If you knew you would live forever, how would you live? Biblically, eternal life is much more than living forever: It is living as God lives!
We have a natural desire for eternal life, but living endlessly would not be a blessing if our circumstances were miserable. Eternal life means quality of life.
Non-Christians tend to see Christianity as an utterly boring, rigid way of life. However, Jesus says He came to give His disciples abundant life. Here's how.
If Christianity is lived the way Christ intended, rather than as represented by media caricatures, it is one of the most exhilarating and abundant lifestyles.
Christ's blood does much more than remit sin; it gives eternal life. The Passover wine represents the blood of the covenant, by which we are made complete.
We each have an eternal responsibility to do the will of God, continually seeking Him. Those who do not choose God's way of life will be mercifully put to death.
Eternal life, emphasizing a special intimate relationship with God the Father and Christ, is vastly different from immortality, connoting only endless existence.
Gravity is but one of the many natural laws. These cause-and-effect principles operate continuously in our lives. We either comply, or we suffer the consequences.
Deuteronomy could be considered the New Testament of the Old Testament, serving as a commentary on the Ten Commandments. It gives vision for critical times.
Christ provides a model of how to live a godly life in the flesh, living life the way God lives it. Using His light, we can navigate our way in this world.
John Ritenbaugh, after delving into questions of how people living during the Millennium will develop faith, as well as the reason for re-establishing a sacrificial system, focuses on the significance of Christ's sacrifice and His glorification. Christ's p. . .
John Ritenbaugh emphasizes that this book was given to our forebears standing on the boundaries of a physical kingdom as it is now given to us standing on the boundaries of our spiritual inheritance encompassing all of creation. As time is closing in on al. . .
To appropriate the name of God means to represent His attributes, character and nature. Our behavior must imitate Christ just as Christ revealed God the Father.
Our lives revolve around the hope of a resurrection from the dead. Hope, deriving from Christ's resurrection, gives faith and love impetus and energy.
John Ritenbaugh, reiterating that the heart is the generator or birthplace of our action, reminds us that we are a treasure in God's eyes, chosen, royal, and special, and we must guard and protect our calling, realizing it is the most precious possession w. . .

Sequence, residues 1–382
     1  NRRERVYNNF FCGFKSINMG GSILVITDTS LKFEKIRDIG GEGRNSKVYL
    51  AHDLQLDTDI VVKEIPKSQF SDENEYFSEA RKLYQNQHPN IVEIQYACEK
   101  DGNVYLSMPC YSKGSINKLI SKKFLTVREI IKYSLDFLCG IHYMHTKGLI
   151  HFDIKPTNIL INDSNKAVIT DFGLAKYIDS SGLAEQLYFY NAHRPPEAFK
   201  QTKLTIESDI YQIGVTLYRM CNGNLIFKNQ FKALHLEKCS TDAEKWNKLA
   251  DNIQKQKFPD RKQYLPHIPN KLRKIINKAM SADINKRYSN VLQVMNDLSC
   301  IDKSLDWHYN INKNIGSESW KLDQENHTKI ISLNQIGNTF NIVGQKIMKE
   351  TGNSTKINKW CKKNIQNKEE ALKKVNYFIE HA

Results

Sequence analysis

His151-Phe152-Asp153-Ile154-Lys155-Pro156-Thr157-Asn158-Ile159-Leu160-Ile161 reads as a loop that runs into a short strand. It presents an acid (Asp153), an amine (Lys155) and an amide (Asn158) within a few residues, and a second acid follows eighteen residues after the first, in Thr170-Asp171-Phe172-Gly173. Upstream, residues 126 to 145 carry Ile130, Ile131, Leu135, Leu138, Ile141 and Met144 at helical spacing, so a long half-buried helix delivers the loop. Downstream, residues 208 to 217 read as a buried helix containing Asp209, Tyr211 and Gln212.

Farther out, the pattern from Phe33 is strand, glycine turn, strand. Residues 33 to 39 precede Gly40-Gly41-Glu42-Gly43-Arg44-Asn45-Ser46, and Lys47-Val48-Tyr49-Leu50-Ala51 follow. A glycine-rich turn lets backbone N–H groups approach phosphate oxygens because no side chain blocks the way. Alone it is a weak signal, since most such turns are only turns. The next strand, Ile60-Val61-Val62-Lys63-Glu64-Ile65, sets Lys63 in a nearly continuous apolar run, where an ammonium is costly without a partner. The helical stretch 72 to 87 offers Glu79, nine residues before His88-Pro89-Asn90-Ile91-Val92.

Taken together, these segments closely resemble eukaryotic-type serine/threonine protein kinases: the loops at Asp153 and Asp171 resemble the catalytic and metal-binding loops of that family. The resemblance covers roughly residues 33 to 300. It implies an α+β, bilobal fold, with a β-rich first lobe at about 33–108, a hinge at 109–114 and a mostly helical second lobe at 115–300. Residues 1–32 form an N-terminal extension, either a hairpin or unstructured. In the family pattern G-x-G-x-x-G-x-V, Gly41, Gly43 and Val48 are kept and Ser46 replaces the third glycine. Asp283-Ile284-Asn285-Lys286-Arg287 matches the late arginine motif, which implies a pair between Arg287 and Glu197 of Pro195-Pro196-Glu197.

John Ritenbaugh warns that if we are not moving forward, we will be swept back into the world. The warnings given to the people addressed by Amos and Isaiah were people (like us) who had already made a covenant with Him. Despite their having made the coven. . .
John Ritenbaugh explores the different nuances of the verb "know," indicating that to know God requires experience, positive emotional responses, and the involvement with the whole person. Unlike merely "knowing about" (book knowledge),. . .
John Ritenbaugh reiterates that the people who were preaching Christ from questionable motives were church members and not Judaizers, as some have assumed. Paul experienced a dilemma wondering if it would be better to suffer martyrdom, finishing his life's. . .
After making the covenant with God, how does a person avoid backsliding? The answer lies in seeking God, which involves much more than commonly thought.
John Ritenbaugh, suggesting that while Passover, not really a Holy Day, is inextricably bound to the Days of Unleavened Bread, and the Last Great Day, while a Holy Day, is bound inextricably to the Feast of Tabernacles. The Last Great Day is the capstone o. . .
God has invited us into a love relationship—one in which He has already shown Himself to be absolutely faithful. If we truly love Him, severing our affections with this world, we will meet the demands of becoming holy. God's Holy Spirit enables us to. . .
John Ritenbaugh reiterates that Deuteronomy (the Old Covenant in its fullest form) constitutes instruction for the Israel of God, serving as a compass and guide, preparing God's people to enter the Promised Land. None of Deuteronomy is done away. The singu. . .
Many think the third commandment deals only with euphemisms and swearing, but it goes much deeper. It regulates the quality of our worship and glorifying God.
John Ritenbaugh continues to examine the shepherd and door analogies occurring in John 10, depicting the close relationship of Jesus with His flock as the security and stability provided by His protection, as opposed to the approach of the hireling. Christ. . .